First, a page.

Thursday, October 20, 2016

The Rise and Fall of the Glass Armonica

Angelic Music by Corey Mean is the story of Ben Franklin's Glass Armonica, the invention that gave him the "greatest personal satisfaction."

When we lived in Philadelphia in the mid-1970s to late 1980s we saw the Glass Armonica at the Franklin Institute. And we had heard a man perform on musical glasses in several venues around the time of the Bicentenniel. So I had heard the ethereal, angelic music of the musical glasses.

I had not realized that the Glass Armonica was all the rage in the 18th c and early 19th c. Chamber music including the instrument was written by Mozart, Beethoven, and Handel. Vituosos toured Europe playing the music that made women swoon.

It gained a tarnished reputation in the early 19th c when people believed the music could drive one mad and cause illness, or summon the dead with magical powers. Mesmer used it in his seances.

As music changed from small ensambles to large symphonic orchestras in halls the Armonica fell out of favor, relegated to being a museum curiosoity. But in the last twenty years it has found a revival, electronically enchanced, and used in pop music, movies, opera, and chamber music.

I was fascinated by this book. Corey covers the rise and fall of the musical glasses, the development of glassmaking, early musical glasses, Franklin's musical background and development of the Armonica, the hey-day of the Glass Armonica, and Mesmer's career and his use of the instrument, including his comissioning an opera from Mozart, the decline and revival of the instrument.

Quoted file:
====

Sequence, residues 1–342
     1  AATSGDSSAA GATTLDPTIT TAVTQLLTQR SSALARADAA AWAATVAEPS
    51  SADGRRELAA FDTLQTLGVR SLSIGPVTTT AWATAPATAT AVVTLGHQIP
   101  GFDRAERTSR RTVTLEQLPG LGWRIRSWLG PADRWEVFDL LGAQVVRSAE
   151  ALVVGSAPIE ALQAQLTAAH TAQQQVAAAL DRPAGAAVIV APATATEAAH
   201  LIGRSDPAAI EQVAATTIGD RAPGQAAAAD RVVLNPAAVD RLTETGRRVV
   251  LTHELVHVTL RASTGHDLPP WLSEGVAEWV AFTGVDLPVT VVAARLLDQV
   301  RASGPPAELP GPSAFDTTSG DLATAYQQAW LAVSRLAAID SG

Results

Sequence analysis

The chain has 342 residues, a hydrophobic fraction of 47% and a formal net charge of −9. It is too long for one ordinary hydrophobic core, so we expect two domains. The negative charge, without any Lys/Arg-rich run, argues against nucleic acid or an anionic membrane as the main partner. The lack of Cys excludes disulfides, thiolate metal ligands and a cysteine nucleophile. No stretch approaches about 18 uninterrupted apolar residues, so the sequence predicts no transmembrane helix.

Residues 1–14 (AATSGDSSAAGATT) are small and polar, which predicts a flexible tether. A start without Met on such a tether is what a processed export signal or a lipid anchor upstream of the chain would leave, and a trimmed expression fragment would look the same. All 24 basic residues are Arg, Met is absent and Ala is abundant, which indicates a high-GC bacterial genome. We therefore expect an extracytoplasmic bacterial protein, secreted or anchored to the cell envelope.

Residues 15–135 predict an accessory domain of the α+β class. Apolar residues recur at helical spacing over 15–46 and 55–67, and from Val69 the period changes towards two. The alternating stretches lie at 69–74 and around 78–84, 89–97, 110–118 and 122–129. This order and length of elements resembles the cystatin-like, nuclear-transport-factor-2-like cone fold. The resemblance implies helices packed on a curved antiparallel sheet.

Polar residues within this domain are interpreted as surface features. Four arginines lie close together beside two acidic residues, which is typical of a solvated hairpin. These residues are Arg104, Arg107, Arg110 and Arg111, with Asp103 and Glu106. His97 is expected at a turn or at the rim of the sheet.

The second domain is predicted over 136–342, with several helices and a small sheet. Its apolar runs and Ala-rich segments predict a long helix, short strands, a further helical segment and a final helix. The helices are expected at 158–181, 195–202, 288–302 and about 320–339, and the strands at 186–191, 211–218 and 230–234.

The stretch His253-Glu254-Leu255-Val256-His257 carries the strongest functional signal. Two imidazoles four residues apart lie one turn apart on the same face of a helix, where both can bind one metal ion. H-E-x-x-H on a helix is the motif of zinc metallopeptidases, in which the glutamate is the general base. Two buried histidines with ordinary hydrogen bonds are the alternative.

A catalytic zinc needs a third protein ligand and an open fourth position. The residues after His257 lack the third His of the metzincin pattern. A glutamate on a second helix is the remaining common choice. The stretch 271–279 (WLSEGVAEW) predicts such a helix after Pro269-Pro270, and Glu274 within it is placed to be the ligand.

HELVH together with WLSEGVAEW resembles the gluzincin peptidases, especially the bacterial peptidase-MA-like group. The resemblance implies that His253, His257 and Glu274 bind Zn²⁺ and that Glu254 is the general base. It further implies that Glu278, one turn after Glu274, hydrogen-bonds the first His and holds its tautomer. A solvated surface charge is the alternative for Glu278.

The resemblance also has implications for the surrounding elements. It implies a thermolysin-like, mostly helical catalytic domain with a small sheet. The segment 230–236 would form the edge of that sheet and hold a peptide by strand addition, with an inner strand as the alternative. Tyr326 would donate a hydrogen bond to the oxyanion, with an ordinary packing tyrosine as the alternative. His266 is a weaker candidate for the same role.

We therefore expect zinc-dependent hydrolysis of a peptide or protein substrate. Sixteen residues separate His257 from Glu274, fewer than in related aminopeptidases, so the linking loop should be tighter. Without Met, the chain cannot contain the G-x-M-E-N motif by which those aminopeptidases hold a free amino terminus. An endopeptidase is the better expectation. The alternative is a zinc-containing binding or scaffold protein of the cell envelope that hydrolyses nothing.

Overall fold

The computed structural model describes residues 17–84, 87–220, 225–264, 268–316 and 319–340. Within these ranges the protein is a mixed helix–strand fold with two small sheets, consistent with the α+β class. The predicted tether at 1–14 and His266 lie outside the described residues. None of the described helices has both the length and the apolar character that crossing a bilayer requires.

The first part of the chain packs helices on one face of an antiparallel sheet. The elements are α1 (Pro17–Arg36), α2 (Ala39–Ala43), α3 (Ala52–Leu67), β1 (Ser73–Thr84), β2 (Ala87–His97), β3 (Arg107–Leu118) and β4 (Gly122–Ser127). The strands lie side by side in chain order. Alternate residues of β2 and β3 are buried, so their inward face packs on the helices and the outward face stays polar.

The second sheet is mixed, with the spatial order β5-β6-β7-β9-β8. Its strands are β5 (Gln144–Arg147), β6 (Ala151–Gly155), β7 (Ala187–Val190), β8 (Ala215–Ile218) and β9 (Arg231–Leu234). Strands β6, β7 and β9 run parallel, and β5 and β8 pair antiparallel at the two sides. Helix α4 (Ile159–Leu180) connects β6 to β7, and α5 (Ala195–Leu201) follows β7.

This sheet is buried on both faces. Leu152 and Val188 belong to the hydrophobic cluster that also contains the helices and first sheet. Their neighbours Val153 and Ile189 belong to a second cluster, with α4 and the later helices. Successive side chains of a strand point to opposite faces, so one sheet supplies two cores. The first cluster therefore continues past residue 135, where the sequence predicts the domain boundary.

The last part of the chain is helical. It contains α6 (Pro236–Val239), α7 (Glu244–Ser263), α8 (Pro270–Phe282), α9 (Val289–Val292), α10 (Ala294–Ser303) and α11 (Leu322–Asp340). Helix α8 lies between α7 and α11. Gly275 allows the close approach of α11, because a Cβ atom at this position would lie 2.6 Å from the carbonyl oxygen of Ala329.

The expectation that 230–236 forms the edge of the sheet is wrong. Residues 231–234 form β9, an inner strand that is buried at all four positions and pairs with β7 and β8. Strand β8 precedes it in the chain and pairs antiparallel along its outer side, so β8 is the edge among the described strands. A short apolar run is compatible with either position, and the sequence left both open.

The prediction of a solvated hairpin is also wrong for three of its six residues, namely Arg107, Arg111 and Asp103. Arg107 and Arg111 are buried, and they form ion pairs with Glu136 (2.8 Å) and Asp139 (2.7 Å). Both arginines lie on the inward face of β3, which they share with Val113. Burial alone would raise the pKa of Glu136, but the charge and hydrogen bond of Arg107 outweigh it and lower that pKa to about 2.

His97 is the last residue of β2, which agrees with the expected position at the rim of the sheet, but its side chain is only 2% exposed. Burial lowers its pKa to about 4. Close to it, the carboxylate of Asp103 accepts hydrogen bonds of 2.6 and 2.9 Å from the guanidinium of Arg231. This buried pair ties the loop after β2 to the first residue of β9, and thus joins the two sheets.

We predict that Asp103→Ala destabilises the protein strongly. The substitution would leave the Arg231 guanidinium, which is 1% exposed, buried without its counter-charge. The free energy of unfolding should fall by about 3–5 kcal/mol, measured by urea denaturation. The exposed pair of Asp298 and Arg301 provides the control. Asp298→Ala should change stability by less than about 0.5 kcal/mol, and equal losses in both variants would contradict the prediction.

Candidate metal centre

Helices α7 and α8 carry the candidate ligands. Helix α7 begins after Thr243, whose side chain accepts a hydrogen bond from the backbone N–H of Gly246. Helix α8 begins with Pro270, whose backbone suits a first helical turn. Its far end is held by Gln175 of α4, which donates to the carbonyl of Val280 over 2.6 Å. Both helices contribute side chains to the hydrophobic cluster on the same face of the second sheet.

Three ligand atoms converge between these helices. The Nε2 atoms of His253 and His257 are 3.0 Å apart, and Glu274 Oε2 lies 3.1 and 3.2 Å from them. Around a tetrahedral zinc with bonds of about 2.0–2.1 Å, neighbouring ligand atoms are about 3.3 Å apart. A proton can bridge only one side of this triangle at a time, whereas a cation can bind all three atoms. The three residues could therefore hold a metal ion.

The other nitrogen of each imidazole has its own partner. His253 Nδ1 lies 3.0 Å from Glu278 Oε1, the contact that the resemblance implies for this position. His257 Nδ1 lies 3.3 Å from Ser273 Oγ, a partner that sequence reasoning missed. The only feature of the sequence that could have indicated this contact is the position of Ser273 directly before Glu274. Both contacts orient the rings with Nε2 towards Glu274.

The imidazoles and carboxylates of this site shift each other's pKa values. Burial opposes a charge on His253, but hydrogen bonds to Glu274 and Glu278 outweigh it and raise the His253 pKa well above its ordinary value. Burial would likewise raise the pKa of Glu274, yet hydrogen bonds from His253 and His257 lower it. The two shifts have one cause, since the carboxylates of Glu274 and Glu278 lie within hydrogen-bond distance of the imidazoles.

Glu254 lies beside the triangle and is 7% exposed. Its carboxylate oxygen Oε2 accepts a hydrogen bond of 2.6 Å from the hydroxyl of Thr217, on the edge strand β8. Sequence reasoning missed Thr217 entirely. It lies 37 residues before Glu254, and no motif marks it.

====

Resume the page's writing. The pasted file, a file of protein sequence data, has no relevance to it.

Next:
When German glassblower Gerhard Finkenbeiner saw a Glass Armonica in a musem in 1960 it was a curiosity. He rediscovered how to create the glass and instrument and the instrument found a revival.

Today a few people are experts, including Dennis James whose collaboration with Linda Ronstadt on six CDs revived an interest in the instrument. A a boy he saw Franklin's instruemtent at the Franklin Institute; in music school he asked what it sounded like and his professor answered, "No one knows. It hasn't been played for two hundred years." Now he leads the world's first known glass music studies program at Rutgers University.

I received a free ebook from the publisher through NetGalley in exchange for a fair and unbiased review.

Learn more about the Glass Armonica:

The Glass Armonica
Corey Mead
Simon & Schuster
Publication October 2016
$28 hard cover
ISBN: 978-1-4767-8303-1

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